Again, no one's saying that no change to the recruiting or hiring model whatsoever is justifiable. 

But come on, now, don't even try to tell me that the sole reason I was given an offer WASN'T that they are betting that this will be a profitable decision for them.  It may not make them as much money as in the past, they may not be able to bill me out as high, they may not need as many people, it may not be immediate, and what contributions are valued will be different in the future, no doubt.  But these people aren't running a f-ing charity.  They aren't hiring (admittedly few) new associates out of the good of their hearts, or keeping them employed later on for that reason, either.  If nothing else, from what you're saying it will be the benefits to ME as an associate that will decrease:  They'll likely be quicker to fire associates who don't become profitable or add value in some other way pretty soon after they start, our salaries will be more in line with our "value" to the firm in terms of billing rates, etc.  But the imbalance in benefits to the associate versus the firm isn't going to diminish -- these are shrewd people, they'd get rid of us entirely before that happened.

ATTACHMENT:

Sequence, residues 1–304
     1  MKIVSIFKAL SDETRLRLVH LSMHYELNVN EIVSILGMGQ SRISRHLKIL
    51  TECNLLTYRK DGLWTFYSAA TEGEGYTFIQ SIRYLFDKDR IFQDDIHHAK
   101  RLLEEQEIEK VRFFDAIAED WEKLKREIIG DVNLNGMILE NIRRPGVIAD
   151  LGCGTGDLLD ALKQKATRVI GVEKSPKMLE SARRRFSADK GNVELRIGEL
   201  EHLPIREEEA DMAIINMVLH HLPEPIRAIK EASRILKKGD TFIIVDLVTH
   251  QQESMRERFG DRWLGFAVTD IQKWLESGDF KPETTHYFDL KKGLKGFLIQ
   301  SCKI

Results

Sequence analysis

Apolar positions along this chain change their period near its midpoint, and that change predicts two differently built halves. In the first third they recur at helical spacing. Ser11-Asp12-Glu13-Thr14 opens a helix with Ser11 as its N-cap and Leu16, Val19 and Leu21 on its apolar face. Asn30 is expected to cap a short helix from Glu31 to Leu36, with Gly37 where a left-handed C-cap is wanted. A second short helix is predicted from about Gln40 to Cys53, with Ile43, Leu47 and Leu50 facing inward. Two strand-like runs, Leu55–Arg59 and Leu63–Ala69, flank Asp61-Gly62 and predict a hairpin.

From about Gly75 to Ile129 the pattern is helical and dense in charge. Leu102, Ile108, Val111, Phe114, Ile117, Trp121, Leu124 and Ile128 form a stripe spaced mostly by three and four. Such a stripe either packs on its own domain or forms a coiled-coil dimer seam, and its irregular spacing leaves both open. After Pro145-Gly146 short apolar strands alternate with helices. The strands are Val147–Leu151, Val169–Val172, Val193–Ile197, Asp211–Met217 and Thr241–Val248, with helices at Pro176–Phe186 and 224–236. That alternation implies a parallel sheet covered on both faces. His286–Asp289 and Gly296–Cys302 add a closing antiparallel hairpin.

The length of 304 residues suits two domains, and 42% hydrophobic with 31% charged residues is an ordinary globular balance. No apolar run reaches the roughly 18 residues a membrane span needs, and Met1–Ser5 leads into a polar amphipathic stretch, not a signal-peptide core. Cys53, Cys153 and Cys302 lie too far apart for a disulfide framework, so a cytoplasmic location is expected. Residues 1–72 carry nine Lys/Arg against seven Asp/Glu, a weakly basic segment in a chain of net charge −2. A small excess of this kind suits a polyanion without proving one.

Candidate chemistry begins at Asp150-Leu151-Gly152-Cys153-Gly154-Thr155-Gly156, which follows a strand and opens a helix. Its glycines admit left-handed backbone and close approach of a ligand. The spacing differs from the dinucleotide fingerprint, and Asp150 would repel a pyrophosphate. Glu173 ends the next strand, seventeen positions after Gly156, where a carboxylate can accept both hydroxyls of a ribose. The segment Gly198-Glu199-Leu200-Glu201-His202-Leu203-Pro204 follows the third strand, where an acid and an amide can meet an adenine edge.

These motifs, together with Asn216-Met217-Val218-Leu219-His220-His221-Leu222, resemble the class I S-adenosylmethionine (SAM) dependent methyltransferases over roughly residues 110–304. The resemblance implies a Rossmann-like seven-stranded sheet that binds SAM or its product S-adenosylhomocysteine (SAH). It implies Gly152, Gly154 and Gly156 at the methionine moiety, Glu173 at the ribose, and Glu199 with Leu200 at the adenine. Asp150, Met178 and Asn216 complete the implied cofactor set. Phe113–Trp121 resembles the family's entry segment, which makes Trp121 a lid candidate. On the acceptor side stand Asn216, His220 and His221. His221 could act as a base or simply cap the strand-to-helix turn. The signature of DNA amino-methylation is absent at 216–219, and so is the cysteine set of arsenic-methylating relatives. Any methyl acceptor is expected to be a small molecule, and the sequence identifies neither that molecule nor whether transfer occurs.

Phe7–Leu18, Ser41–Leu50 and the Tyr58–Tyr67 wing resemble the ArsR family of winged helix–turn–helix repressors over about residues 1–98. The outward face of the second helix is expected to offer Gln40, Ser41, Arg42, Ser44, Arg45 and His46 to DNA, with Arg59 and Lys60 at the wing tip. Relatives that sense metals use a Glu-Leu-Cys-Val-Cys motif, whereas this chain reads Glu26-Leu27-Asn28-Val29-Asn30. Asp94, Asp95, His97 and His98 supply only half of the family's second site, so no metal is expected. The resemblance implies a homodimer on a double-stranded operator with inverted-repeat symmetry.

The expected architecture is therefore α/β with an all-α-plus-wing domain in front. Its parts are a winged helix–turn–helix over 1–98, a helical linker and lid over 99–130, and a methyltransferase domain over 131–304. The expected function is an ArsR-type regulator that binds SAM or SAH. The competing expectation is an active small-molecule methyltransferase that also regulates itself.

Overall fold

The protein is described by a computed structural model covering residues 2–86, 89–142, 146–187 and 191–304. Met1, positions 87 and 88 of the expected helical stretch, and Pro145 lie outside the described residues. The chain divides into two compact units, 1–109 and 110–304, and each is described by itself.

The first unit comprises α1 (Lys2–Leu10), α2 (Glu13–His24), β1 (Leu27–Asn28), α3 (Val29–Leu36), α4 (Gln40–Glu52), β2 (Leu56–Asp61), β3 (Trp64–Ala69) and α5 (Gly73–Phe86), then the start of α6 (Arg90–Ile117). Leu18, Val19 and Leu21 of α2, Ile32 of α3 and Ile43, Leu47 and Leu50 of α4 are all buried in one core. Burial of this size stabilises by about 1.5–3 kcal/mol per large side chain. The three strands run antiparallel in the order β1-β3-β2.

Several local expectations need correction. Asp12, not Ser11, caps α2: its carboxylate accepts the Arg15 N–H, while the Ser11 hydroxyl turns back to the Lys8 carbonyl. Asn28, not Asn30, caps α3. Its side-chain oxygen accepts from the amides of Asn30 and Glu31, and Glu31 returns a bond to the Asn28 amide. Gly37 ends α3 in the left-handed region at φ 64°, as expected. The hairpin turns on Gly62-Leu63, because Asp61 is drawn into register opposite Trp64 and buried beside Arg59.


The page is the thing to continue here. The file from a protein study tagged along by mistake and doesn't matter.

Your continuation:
Anyway, I appreciate that you try to point out that in practice none of us really matter.  I mean, for any of us to act otherwise would be unwise -- it's not like I'm such an idiot that I march into places IRL demanding "my due" or something.  But I don't see what's so wrong about commenting on the fact that this is dehumanizing; that in an ideal world this *&^% wouldn't be this way at all; that, you know, maybe not EVERYTHING firms do is justified by bad economic circumstances, even if it's going to happen whether we like it or not.  You're almost, like, gleeful that people aren't treated nicely or something sometimes, or when things don't go as well as they'd hoped. 

 
At least I can f-ing think.

dischord

  • Sr. Citizen
  • ****
  • Posts: 1367
    • View Profile
Re: Question on job offers
« Reply #33 on: October 12, 2009, 05:37:50 PM »
I meant by "if for no other reason" that even if you HAD no other reason it would be a good reason.  Not that that would be the only good reason.  So pretty much what you are saying  ???

As for alternatives, what good reason do you have for firms being rude or unresponsive?  Or giving you the run around when you ask about status?  I mean, what harm is it to admit they're running a waitlist when all of us know that's what they're doing?  I'm not being contrarian; I honestly cannot come up with anything that isn't totally refutable.

I think maybe everyone is assuming that I'm arguing that firms shouldn't be running waitlists at all, which isn't the case and I don't know where everyone got that idea.
At least I can f-ing think.

dischord

  • Sr. Citizen
  • ****
  • Posts: 1367
    • View Profile
Re: Question on job offers
« Reply #34 on: October 12, 2009, 05:44:20 PM »